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Tasting the Rainbow

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Trick-or-Treaters make their way back home, trudging through the grass with their arms laden with hoarded candy, a signal to the end of a successful Halloween night. Amidst those satisfied trick-or-treaters are my brother, my neighbor, and I, whispering plans to trade candy amongst ourselves. After trading bars of chocolate, sticks of lollipops, and wads of gum, it is then that I make my final offer: a king-size bag of Skittles. I am met with incredulous looks and gasps from my brother and neighbor, each demanding why I would trade such a delectable, king-size pack of candy. Quite frankly, I could care less for Skittles and I find them to be a source of false advertisement, with its claim of ‘original fruit’ spread in yellow text across the red face of the rectangular package and its motto “Taste the Rainbow.” When looking at the listed ingredients in Skittles, there isn’t any mention of fruit and instead there are all sorts of sugars, acids, and artificial flavors in place of fruit. On top of the lack of “original fruit”, the motto “Taste the Rainbow” is completely misleading. Not only are there only five colors and flavors in the package, which are not the complete seven colors of the rainbow, but you do not literally taste the rainbow either. Imagine the disappointment of children, believing that Skittles are “bite size candies” filled with pieces of the rainbow, as they open up a fresh package of Skittles, the pungent scent wafting under their noses, and discover the cold reality of an advertisement fraud. The crinkly red package contains no edible rainbows, just five colors that are far from any rainbow. Not only do Skittles embody false advertisement, with its lies of edible rainbows and original fruit, but it lacks creativity in its design as well. Skittles hold a similar shape, size, and decoration to M&M’s, a chocolate with a candy coating that was introduced to the candy market much earlier than Skittles. Though both candies are from the same company, you would think there would be a different marketing scheme with such a contrasting candy. Skittles are completely different from M&M’s (chewy tangy centers are not the same as chocolate centers) and only seem to copy off the candy coated chocolate confectionaries. The only difference between the two is the choice in colors and letter stamping, a sad situation for a child who cannot read and wants to eat one candy over the other. Not only do Skittles lack the creativity in having an original candy design, but they also lack the creativity to develop two other flavors to represent the two missing colors of the rainbow: blue and indigo.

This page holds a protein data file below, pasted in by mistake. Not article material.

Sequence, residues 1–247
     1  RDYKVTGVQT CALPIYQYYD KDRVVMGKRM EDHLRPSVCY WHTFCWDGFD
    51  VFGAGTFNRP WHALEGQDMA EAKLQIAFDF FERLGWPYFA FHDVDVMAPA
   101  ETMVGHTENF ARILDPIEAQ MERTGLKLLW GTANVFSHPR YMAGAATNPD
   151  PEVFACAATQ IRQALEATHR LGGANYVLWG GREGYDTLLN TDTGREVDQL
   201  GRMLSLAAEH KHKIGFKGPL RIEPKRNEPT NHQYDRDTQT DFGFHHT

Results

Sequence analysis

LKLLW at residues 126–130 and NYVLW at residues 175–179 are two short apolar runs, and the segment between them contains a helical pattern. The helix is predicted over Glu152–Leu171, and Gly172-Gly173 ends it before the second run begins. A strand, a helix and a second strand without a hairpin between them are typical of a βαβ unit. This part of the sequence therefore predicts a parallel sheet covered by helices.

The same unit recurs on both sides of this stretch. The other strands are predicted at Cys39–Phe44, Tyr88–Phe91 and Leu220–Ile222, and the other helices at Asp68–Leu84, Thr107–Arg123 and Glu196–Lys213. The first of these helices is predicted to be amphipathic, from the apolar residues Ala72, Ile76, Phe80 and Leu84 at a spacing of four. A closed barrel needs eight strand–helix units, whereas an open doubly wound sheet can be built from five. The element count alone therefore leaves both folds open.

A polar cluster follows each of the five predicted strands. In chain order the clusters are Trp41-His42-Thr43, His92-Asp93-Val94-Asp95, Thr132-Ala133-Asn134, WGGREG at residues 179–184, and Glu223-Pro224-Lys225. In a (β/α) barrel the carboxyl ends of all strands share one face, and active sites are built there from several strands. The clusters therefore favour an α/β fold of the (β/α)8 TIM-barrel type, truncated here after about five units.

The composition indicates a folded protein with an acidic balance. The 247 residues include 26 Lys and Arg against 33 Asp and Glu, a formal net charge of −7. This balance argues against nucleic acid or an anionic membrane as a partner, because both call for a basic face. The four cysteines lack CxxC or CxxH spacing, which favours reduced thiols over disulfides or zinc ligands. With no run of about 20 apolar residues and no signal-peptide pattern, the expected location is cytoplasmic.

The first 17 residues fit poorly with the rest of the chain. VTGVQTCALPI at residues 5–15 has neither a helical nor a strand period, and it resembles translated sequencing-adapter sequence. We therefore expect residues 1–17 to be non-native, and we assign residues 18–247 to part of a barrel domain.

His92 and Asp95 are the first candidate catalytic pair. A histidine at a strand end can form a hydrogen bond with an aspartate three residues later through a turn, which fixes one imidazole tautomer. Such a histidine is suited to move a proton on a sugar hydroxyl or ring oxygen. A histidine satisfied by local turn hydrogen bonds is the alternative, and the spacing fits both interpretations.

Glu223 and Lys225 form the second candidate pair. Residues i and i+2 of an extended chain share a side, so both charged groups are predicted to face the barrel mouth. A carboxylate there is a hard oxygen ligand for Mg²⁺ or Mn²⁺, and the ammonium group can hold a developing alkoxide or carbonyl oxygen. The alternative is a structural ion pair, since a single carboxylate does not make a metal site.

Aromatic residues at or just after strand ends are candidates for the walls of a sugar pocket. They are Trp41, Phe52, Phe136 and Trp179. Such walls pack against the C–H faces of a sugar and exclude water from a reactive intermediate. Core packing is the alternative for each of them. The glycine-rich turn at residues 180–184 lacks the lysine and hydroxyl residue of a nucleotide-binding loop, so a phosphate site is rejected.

Skittles also lack taste, a sad point to add to the growing list of faults, having only five flavors consisting of lime, grape, lemon, orange, and strawberry. There aren’t many flavors to choose from or variety between the flavors (lemon, lime and orange flavors taste similar and are all citrus fruits) and on top of that they aren’t very flavorsome or highly delectable. Imagine eating the flavors as raw fruits. Grape, orange, and strawberry flavors are higher up on the delectable scale of Skittles as compared to lemon and lime. You would more likely eat juicy grapes, succulent oranges, and refreshing strawberries rather than an acidic lemon or sour lime. The disappointment in taste is made evident upon the first opening of the crinkly red wrapping. The pungent mix of smells wafts towards the nose and you can’t breathe in the scent too long before needing to break away from the strong stench. The dizzying stench of the rainbow isn’t much different from its less than delectable taste.
Skittles are the embodiment of all lies and tastes that are disappointing in the candy world. From its false advertising to its lack of creativity to its lack of variety or delectableness of taste, Skittles are the epitome of disgusting disappointment.
At the end of the Halloween evening, I gladly trade and hand over my king-size pack of Skittles, having expressed my extreme disgust towards the repulsive candy, to my still incredulous brother and neighbor in exchange for some other more appetizing, more deserving confectionary of my palate.




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